"All the stuff about rewards when we die is a scare tactic to make masses do what you want without question." -- I am trying to figure out if that sounds more Reform or just atheistic. Either way, you sound pretty bitter, both in your comments on this post and on my mention of translated sefarim, about Gedolim and Rabbanim.

"But all that stuff that ISH wrote and I quote " And we run, and they run, but we run toward eternal life, while they run toward destruction." was taken directly from the Christian conversion manual 101." -- Try Rav Nehunya ben Hakana and the Talmud.

June 30, 2009 at 2:00 PM

ISH: "I just read my post over, and I am trying to figure out why you are so concerned with the religions of the non-Jews as opposed to appreciating your own religion."- I'm sorry madam, my comment wasn't directed towards the post at all, but towards your ensuing discussion with M Levin.

"My readers are the ones who chose to focus on the negative and assume that it was meant against those who do not share my religion."- Yes, I agreed is was a misconstruing of your original words..

"That prayer was originally said by Rav Nehunya ben Hakana, I believe. If you don't like it, that is not my problem."- I'm quite aware of who it's author was. One thing that was very apropos about it that you didn't mention is that it's said in opposition to "those who sit on street corners" (i.e. people who's lives are totally devoid of meaning--very much like the teenagers you mentioned), not non-religious Jews and not Goyim.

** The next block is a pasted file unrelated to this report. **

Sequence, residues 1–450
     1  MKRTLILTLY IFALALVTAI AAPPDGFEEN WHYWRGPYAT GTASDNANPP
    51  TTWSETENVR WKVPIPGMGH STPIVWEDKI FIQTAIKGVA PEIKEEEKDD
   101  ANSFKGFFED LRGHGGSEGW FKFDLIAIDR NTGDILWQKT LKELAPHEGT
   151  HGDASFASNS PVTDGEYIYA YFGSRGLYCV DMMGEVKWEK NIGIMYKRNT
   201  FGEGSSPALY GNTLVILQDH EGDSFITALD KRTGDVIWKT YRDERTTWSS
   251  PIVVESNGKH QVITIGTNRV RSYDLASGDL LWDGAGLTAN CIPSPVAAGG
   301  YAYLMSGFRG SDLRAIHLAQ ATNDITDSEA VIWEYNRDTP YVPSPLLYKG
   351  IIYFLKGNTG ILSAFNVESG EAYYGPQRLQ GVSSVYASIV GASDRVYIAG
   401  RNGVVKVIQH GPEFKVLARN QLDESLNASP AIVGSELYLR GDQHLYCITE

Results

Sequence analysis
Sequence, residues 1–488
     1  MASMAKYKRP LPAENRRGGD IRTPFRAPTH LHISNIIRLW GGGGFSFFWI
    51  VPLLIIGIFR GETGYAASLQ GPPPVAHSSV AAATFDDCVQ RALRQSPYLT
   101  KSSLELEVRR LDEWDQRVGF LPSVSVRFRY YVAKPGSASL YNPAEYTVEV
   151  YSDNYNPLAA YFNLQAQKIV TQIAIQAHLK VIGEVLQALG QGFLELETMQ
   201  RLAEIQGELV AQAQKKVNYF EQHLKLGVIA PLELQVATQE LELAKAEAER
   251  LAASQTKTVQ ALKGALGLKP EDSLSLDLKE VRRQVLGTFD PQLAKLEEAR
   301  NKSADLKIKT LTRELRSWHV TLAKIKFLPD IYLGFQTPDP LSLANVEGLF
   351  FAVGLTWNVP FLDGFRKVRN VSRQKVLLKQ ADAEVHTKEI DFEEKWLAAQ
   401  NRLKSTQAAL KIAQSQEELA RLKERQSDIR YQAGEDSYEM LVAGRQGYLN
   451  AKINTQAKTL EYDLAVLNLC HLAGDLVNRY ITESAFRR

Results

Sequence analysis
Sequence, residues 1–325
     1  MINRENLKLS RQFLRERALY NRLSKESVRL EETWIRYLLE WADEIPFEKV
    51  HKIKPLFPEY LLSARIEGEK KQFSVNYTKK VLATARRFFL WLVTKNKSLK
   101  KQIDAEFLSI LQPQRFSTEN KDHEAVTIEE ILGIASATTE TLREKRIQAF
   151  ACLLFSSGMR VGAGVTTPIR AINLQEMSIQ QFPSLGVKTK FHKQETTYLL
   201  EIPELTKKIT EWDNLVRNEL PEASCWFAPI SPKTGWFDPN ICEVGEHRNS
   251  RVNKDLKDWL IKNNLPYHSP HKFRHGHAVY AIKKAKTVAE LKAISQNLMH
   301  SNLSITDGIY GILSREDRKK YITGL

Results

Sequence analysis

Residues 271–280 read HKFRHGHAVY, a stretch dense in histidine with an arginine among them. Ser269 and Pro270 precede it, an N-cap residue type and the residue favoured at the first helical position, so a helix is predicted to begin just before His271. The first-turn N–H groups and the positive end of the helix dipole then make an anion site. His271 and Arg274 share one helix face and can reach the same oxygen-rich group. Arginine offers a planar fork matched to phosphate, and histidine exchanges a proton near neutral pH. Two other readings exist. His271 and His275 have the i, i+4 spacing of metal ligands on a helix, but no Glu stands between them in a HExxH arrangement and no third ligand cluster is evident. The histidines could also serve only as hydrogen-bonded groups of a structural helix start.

June 30, 2009 at 2:15 PM

I DID mention the contrast between sitting in the Beit Medrash and being on the streets, and that was the point I was trying to make.

June 30, 2009 at 2:21 PM

ISH: "The idea that we are here for the sake of this world and not for the sake of the next sounds more Reform than Orthodox, honestly."- Oh yes, this is also important. I might as well take allow myself to speak my mind on this as well.

I think what she was getting to is the fact that the Tanach makes little-to-no mention of any kind of reward or punishment in an afterlife, which is obviously a point used by modern thinkers to mean that early Judaism had no concept of an afterlife.

I don't know about Islam's influence, but the earliest Judaic writings about an afterlife, whether worldly or otherworldly was after the appearance of the Pharisee, Essen and early Christian-Jewish sects, which, according to modern scholarship, means that the concept was in fact initiated by them.

But like you said, even in Talmudic and rabbinic thought there is much more of an emphasis on "this world" than in Christianity (perhaps to an extent Classic Islam as well). So it's difficult to determine if she's saying it from an Orthodox perspective or a Marxist one...

June 30, 2009 at 2:26 PM

Oh, I see, you say "and we compare and contrast our lives as Jews to the lives of others". Perhaps that was a source of confusion. I think we're contrasting the life of the talmid chacham to that of the am haaretz, the one who sits in the beit hamidrash to the one who sits on the street corner. Taking it any further than that is already assuming a bit about what it means..

June 30, 2009 at 2:31 PM
~Lady E~  

ISH:

"That is what I think is so sad. When people are consumed by this and leave no time or energy for what is truly meaningful."